Province of Manitoba | agriculture - Forest Tent Caterpillar

Agriculture

Tent Caterpillars (Malacasoma Californicum Lutescens and Malacasoma Americanum)

Forest tent caterpillar egg mass
Forest tent caterpillar egg mass  

Tent caterpillar nest with larvae
Tent caterpillar nest with larvae

Prairie tent caterpillar larva
Prairie tent caterpillar larva  

Prairie tent caterpillar adult
Prairie tent caterpillar adult

Host Plants And Distribution

The prairie tent caterpillar (M. c. lutescens) and the eastern tent caterpillar (M. americanum) will feed on chokecherry, pin cherry, saskatoon, currant, willow and occasionally on other hardwood species. The prairie tent caterpillar is found across western Canada and bordering states. The eastern tent caterpillar is primarily found in southern Manitoba and Saskatchewan.

Biology

The life cycle of the tent caterpillars is very similar. Both have one generation per year and overwinter as eggs that are laid in clusters on twigs within 30 cm of the ground. Eggs hatch in spring at the same time as the first flush of leaves. Larvae construct nests near a fork in the stem. Unlike the ugly nest caterpillar and the fall webworm, they do not feed in the nest. Instead, they forage out from the nest in search of foliage to feed on. They return to the nest to rest or during inclement weather. New nests may be constructed on neighboring plants if the food supply on the original host is exhausted. The prairie tent caterpillar is black with a white stripe in the centre of the back and pale blue sides. The eastern tent caterpillar is also black but has broken orange stripes along the side with white and blue markings. Larvae are sparsely hairy and feed for 6 to 8 weeks. When feeding is completed, cocoons are formed and the moth will emerge about three weeks later. Adults are stout-bodied moths and vary from chocolate brown to buff in colour, with two oblique whitish bands across the front wings.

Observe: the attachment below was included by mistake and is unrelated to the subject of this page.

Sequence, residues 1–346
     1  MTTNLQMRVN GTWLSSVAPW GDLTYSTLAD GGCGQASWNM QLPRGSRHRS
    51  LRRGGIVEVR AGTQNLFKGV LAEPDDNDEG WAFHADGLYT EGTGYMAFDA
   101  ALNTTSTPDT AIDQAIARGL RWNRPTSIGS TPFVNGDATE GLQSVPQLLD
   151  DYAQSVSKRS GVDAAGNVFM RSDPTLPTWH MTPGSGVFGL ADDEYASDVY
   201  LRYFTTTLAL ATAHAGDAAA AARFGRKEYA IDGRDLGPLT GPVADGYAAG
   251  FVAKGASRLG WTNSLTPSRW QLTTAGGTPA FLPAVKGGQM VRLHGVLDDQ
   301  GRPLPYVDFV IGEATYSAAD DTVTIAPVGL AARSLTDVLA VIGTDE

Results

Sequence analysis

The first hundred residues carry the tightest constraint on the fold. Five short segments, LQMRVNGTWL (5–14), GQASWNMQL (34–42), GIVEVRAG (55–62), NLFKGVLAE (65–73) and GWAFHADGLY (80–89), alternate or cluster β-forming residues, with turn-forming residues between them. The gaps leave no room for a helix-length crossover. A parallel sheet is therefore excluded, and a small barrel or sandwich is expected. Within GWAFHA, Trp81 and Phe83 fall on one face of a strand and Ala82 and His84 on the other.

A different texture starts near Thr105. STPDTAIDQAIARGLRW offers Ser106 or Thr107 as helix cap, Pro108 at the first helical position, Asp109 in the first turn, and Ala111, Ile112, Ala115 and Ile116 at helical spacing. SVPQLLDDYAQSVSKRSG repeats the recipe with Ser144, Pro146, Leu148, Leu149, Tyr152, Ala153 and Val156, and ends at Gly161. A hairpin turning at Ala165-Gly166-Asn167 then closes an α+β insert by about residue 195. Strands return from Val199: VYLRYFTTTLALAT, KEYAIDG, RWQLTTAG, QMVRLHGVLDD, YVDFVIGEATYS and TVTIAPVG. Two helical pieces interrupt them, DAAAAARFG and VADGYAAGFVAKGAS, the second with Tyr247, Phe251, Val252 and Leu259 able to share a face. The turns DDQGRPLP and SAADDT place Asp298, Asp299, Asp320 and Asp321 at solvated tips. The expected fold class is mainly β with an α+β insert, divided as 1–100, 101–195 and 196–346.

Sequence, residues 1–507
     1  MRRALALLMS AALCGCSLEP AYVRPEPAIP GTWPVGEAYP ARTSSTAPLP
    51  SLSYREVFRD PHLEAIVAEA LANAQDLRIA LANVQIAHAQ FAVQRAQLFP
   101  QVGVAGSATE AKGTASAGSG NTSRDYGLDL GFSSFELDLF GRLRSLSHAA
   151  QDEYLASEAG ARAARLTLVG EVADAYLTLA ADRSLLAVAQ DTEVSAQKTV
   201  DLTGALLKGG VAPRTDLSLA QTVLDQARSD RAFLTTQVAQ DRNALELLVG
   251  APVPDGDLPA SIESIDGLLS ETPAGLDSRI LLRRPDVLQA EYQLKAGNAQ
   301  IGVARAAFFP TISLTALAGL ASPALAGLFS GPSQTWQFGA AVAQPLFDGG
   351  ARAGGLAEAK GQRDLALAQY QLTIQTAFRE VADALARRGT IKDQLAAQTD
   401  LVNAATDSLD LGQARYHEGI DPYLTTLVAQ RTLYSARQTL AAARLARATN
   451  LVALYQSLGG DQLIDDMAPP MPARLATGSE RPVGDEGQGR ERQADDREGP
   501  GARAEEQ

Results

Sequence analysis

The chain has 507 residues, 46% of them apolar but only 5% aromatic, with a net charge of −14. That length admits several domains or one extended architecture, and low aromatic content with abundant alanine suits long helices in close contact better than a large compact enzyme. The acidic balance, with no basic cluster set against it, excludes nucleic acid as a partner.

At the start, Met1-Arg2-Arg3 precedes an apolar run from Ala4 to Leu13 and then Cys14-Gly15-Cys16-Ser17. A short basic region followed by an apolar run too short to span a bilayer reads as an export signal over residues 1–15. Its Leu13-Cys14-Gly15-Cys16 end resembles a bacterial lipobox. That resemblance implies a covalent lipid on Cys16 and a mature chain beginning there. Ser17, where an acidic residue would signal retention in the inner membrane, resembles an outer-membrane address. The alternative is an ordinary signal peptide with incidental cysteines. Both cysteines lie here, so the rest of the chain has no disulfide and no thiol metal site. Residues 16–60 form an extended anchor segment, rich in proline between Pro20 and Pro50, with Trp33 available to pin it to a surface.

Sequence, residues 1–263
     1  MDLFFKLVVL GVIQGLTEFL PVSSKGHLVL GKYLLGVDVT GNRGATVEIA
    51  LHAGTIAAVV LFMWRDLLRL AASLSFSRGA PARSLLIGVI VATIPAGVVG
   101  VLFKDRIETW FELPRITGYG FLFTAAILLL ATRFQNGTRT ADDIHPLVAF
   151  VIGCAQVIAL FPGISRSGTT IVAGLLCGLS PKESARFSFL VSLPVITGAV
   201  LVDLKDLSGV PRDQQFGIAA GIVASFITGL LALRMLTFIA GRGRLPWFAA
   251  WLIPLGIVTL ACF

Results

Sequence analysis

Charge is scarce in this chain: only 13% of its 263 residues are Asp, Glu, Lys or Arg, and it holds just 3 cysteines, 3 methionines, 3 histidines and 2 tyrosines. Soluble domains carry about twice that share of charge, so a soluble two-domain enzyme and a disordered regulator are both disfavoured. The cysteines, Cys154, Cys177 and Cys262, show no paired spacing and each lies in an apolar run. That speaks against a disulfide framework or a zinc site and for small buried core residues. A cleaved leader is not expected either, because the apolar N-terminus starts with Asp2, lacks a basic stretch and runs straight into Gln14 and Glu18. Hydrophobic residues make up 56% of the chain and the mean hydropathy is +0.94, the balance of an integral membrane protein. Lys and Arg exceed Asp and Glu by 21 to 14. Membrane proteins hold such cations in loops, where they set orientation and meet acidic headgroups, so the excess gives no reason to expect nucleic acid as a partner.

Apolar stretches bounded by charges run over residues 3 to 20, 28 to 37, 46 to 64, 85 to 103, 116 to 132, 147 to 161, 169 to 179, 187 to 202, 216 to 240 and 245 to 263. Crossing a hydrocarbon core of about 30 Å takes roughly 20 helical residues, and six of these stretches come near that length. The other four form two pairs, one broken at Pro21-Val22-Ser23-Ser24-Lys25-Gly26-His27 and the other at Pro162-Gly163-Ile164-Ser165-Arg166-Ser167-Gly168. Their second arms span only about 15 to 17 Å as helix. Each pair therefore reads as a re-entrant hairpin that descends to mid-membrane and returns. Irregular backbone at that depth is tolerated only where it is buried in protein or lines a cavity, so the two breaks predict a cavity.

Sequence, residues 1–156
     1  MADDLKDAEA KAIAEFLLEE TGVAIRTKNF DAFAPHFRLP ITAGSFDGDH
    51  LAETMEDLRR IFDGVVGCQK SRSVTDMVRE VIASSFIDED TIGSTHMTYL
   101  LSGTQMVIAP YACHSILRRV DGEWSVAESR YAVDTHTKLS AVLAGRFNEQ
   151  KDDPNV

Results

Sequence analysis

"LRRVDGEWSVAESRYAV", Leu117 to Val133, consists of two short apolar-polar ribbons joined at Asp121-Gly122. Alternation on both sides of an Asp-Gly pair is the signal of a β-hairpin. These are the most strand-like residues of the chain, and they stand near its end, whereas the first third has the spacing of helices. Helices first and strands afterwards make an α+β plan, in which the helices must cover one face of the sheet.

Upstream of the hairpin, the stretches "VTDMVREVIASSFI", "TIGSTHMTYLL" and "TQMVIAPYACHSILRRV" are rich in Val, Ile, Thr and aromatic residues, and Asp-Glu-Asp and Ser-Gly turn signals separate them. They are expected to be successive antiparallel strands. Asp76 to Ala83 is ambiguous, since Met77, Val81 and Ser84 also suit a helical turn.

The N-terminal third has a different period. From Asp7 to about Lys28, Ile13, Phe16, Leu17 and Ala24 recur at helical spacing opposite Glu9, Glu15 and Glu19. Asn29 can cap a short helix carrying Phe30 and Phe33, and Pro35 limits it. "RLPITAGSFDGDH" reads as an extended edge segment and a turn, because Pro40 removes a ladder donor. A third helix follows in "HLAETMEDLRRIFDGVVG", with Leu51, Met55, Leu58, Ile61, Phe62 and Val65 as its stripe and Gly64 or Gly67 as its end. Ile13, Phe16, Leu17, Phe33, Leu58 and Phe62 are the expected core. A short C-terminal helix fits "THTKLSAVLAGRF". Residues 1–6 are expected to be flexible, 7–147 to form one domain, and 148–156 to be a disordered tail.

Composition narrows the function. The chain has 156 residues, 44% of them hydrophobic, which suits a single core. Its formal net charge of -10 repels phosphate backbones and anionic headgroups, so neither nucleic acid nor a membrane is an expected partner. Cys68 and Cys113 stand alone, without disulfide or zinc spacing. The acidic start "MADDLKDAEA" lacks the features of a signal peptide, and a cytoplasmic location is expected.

Symptoms And Damage

Temporary disfiguration of plantings may occur and loss of production from affected hosts may occur. Little permanent damage is likely to be caused.

Scouting Techniques

Nests are very obvious and easily located by visual inspection. Checking the orchard weekly for developing nests should allow for early detection.

Economic Thresholds

No economic thresholds have been established for this insect. Treatment of nests is the same as that for other nest- forming caterpillars. Infestations can be controlled by pruning and destroying nests.